Reporting on COP: Farming for the Future – Climate Change and Food Security

The following article is part of an Eco-Perspective special in which the Vermont Journal of Environmental Law is collaborating with the VLS COP22 Observer Delegation


By Tori Scozzaro

The United Nations weather agency recently announced that the past five years have been the hottest on record, with increasing evidence showing that this is man-made climate change. Thus, the urgency for solutions increases here at COP22 where the United Nations Framework Convention on Climate Change (UNFCCC) is meeting to discuss and improve climate change goals. One way to decrease GHG  emissions is to revise global farming techniques. Today at the “On-farm renewables and sustainable intensification to address climate change and food security” meeting at COP22, several farming experts discussed opportunities to improve farming and food security. The experts discussed the use of sustainable intensification and renewable energy, co-benefits and trade-offs around land use and deforestation concerns, and exploration of funding options.

Don McCabe, a Canadian farmer who works for the Canadian Federation of Agriculture, got straight down to the bottom line of farming and climate change mitigation. He simply stated: “Who else is going to put carbon back into the ground other than farmers? They know how to do it.” Really, though, the farmers know how to grow crops while the plants know how to absorb the carbon dioxide (CO2). Plants absorb CO2 through photosynthesis, and release CO2 during respiration when they tap into their stored-up energy. While warmer temperatures increase respiration rates, more plants—or “CO2-loving-plants”—could absorb more CO2 than they release. This soil equation, Mr. McCabe stated, is the bottom line to meeting human demands for food while mitigating climate change. At the end of the day, he is tired of the negotiations and discussions of improving the “words” (within the language of regulations and agreements) because “ it is ridiculous that we have to argue over adaptation/ mitigation” when the reality is that farmers and foresters know how to use natural cycles to help capture carbon in the atmosphere.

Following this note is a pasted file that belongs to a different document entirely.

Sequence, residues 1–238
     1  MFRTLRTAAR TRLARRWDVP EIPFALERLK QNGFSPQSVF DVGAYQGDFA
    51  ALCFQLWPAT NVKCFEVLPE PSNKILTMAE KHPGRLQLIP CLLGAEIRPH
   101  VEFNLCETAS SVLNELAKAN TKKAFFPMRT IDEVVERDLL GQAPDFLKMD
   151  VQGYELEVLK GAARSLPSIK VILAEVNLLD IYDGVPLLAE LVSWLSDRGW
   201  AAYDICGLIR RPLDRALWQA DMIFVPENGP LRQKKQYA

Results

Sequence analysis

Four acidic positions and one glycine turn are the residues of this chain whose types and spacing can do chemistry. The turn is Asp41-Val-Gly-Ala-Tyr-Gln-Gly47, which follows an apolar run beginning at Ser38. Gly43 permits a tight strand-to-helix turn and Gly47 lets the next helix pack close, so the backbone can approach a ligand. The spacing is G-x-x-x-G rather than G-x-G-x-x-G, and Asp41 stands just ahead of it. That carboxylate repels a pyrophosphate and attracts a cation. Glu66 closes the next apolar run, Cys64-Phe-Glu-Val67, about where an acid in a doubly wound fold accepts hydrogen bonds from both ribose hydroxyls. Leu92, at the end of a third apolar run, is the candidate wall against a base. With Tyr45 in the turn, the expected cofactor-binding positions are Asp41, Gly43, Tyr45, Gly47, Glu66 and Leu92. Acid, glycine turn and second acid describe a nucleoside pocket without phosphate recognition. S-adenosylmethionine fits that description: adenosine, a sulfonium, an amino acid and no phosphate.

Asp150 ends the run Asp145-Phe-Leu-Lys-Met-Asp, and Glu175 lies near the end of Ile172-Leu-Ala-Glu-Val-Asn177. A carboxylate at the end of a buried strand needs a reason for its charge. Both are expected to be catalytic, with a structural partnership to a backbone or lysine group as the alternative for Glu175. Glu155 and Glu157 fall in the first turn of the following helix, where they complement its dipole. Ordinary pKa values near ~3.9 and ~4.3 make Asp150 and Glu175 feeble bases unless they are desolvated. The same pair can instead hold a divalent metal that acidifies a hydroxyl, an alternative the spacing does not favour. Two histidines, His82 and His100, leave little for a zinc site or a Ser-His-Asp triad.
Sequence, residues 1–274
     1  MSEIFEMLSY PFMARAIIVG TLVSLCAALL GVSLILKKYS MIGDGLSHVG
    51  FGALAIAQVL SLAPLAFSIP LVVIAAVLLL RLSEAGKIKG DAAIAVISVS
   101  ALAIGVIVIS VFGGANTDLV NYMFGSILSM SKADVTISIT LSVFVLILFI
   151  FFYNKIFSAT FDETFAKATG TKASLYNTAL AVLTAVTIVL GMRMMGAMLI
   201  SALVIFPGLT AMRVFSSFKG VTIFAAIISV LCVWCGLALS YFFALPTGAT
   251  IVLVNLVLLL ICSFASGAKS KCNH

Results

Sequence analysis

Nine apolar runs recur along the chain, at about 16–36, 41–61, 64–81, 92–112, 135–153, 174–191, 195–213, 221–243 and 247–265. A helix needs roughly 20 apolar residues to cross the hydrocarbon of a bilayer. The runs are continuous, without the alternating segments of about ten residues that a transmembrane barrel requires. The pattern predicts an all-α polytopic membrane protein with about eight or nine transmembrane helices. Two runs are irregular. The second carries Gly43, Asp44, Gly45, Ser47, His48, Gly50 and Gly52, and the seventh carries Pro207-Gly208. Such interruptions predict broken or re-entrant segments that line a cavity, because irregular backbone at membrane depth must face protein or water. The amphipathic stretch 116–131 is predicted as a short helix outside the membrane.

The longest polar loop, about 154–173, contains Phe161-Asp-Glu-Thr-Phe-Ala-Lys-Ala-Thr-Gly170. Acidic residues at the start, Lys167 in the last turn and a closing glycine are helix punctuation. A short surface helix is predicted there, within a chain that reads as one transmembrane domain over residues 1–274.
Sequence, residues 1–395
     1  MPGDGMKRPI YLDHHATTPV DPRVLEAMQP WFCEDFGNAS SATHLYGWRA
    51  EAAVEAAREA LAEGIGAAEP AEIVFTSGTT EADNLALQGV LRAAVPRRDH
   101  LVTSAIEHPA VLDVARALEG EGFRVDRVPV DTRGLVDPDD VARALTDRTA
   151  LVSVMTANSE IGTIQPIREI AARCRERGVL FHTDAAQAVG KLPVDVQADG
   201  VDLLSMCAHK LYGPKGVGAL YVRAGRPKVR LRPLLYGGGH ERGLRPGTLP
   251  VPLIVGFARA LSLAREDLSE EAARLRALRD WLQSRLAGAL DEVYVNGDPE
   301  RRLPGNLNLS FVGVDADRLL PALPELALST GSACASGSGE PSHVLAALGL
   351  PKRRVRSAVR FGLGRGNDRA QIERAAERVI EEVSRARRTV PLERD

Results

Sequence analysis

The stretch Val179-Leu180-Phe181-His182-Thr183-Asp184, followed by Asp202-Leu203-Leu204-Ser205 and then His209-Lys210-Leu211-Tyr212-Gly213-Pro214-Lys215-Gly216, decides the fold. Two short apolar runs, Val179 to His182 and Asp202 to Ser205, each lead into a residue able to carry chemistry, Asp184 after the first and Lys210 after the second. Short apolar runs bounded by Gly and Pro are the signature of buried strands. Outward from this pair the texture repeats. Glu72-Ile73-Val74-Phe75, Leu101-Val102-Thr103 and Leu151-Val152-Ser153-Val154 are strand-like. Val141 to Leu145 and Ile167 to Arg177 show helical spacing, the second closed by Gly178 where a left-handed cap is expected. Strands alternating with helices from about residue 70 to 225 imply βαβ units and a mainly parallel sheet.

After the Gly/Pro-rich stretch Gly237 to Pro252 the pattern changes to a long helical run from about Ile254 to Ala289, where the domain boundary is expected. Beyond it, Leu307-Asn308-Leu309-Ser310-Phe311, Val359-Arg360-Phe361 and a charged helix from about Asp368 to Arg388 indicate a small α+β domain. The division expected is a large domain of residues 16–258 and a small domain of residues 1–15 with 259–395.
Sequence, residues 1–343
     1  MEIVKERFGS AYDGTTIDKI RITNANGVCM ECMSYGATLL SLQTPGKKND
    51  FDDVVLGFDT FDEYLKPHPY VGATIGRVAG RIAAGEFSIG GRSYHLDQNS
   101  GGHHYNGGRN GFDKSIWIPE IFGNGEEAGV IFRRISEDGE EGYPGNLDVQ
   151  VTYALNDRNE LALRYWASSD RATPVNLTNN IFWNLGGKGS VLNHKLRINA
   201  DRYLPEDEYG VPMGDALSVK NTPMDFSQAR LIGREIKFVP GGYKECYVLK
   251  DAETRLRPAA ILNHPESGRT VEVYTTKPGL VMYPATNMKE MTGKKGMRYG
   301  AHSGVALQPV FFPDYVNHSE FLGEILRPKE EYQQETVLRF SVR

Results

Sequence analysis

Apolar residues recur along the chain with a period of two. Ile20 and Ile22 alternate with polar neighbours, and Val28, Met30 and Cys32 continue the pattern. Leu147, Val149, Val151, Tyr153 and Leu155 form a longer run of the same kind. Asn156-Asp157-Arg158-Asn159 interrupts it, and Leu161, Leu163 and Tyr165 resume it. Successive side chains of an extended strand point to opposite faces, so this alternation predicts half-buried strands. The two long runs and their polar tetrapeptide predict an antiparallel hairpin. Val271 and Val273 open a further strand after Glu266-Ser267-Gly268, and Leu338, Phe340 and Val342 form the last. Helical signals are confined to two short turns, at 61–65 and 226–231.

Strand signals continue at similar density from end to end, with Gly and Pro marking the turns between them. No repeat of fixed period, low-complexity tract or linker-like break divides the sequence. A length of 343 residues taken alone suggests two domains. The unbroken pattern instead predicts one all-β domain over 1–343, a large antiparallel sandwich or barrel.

Another area of farming that heavily impacts climate change is meat production. In order to keep up with demand for beef and leather, 21 million ha of deforestation has occurred in the Brazilian Amazon between 2000 and 2015 to support cattle. Simon C. Hall, the manager of Tropical Forests and Agriculture National Wildlife Federation (NWF), spoke about insights from the Brazilian cattle sector. The NWF has been working in South America with local partners for over 20 years to eliminate tropical deforestation from agriculture supply chains. They hope to accelerate the development and implementation of intensification for sustainability because the implications of deforestation are staggering: longer dry season, reduced rainfall, increased temperature. Sustainable Intensification on the other hand (when coupled with zero deforestation commitments), will lead to: land sparing, reduced emissions from LUC, reduced losses of wildlife habitat and biodiversity, increased market access, preferential purchasing agreements, and reduced leakage and rebound effects.

Farming4FutureThere are many other ways farming can [be] improve[d] to reduce GHG emissions and help mitigate climate change. Intensification of crop and livestock production, is also essential to mitigate human suffering and provide food security for humankind. These are only two main techniques highlighted [yesterday] at the COP22 side event on farm renewables and addressing climate change and food security, and I look forward to further conversations on such ideas and modalities for farming for a sustainable future.